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Recently I set myself the task of coming up with a summary or digest of the PRC’s information operations, based on what’s known rather than what’s widely assumed from the numerous reports of industrial espionage. Given the number of cases being reported and (rightly or wrongly) attributed to China, this is something everyone in the infosec field should aim to understand, but that’s easier said than done with all the background noise over APT and targeted attacks.

The Three Factors of China’s Information Operations
Logically the best place to look is the PRC itself, or the Peoples’ Liberation Army (PLA). Three central factors shaped the PRC’s current information operations strategy, it seems.

According to Global Defence: ‘China does not publish equivalents to the US National Security Strategy, National Defence Strategy, or National Military Strategy. Rather, China uses “white papers,” speeches and articles as the principal mechanisms to communicate policy and strategy publicly.’
Most the literature is contributed by influential officers within the PLA. What this indicates is the PLA’s command has a highly academic and collaborative approach to formulating long-term strategies for gaining information superiority.

Next was the unification of civilian and military telecommunications. With most nations the latter is technologically 20 years behind the civilian world, as any former signals personnel would attest. Chairman Jian Zemin recognised this gap, and in 1991 called for a common telecoms network suitable for both peacetime and military use, according to Lt. Col. Timothy L. Thomas in the Military Review (May 2001).
This is important, because the idea was the PLA would establish a reserve force to maintain the backbone of civilian comms, in particular the Internet, and that reserve would be a sizeable contingent of highly-qualified personnel that could readily assist the PLA’s information operations. In effect, ‘information warfare’ becomes a ‘peoples’ war’. I believe there are currently large reserve units (around 20,000 strong) maintaining the Golden Shield at the border gateways.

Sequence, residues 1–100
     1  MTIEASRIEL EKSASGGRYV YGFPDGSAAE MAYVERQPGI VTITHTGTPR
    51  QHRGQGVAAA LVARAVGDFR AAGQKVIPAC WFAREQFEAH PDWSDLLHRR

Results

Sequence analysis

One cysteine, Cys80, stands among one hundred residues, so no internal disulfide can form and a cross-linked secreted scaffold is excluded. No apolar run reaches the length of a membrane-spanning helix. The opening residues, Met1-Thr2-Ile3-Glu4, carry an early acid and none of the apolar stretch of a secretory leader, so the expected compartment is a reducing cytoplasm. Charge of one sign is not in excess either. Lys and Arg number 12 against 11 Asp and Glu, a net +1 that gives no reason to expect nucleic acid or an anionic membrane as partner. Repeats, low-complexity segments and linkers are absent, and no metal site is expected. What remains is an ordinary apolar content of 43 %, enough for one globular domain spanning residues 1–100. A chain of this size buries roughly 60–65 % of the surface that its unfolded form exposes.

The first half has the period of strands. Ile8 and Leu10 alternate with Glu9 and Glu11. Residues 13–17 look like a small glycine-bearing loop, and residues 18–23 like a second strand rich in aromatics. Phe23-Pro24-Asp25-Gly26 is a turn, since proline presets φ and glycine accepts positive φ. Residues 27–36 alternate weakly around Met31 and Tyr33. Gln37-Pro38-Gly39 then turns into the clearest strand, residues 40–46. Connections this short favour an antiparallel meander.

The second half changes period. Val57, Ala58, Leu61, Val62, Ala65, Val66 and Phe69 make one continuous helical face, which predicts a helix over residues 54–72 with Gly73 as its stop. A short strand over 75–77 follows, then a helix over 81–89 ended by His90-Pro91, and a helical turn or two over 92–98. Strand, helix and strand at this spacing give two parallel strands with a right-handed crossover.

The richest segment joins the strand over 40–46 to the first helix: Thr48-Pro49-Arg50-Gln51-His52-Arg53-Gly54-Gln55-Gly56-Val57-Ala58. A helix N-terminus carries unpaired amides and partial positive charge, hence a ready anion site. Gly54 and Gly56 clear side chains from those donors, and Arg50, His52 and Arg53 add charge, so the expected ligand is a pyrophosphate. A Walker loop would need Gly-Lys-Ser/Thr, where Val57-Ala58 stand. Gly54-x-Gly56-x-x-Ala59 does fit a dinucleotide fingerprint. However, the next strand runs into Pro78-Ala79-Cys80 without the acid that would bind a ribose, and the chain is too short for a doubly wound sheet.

The third formative influence in the PLA/PRC’s strategy were the actions of various patriot hacker groups in response to real-world events around 1999/2000, namely the bombing of the Chinese embassy. The PLA were quick to see the benefits of enlisting these hacker groups as proxies in its information warfare efforts.

So, bringing the three factors together, this is essentially where we are now – a PLA reserve with the qualifications and experience to run civilian comms infrastructure in support of military operations, a command with high academic ability, and an unknown number of highly-skilled patriot hacker groups at its disposal to put strategy into practice.
Compare this to the situation in the west, where we’re reliant on the corporate infosec industry that’s short of actual hackers and places too much importance on policies and procedures. The PRC obviously has the advantage, skill-wise, and they’ve been working towards that for a long time.

APT Characteristics and Methods
So we come to the ‘Advanced Persistent Threat’, a term that’s become fashionable in the infosec field, even if there’s confusion over what constitutes ‘advanced’ and ‘persistent’. Often APT is automatically associated with China, in a similar way highly advanced malware is fast becoming a trademark of the United States. The way I see it, there are two defining attributes to a genuine APT:

1) Advanced – Technical skills, intelligence gathering capabilities and perhaps extensive resources provided by a government or corporation. The threat agents have the ability to develop and combine intrusion techniques specifically for the target.
2) Persistent – The threat will focus on the target and attempt to maintain access to a system undiscovered over a prolonged period, or penetrate the network to achieve some longer-term objective.

Basically APT will involve a skilled hacking group, but that group will have the backing of a government or corporation with advanced intelligence gathering capabilities, and perhaps there’ll also be a team of engineers and consultants. That’s the long and short of it.

What are the typical methods of APTs, if there are any? Corporate networks have a very large ‘attack surface’, so there’s a wide range of options available to someone attempting to penetrate them. Any network that becomes a target of an APT will get compromised, one way or another, and the idea that a commercial security product can prevent it is BS.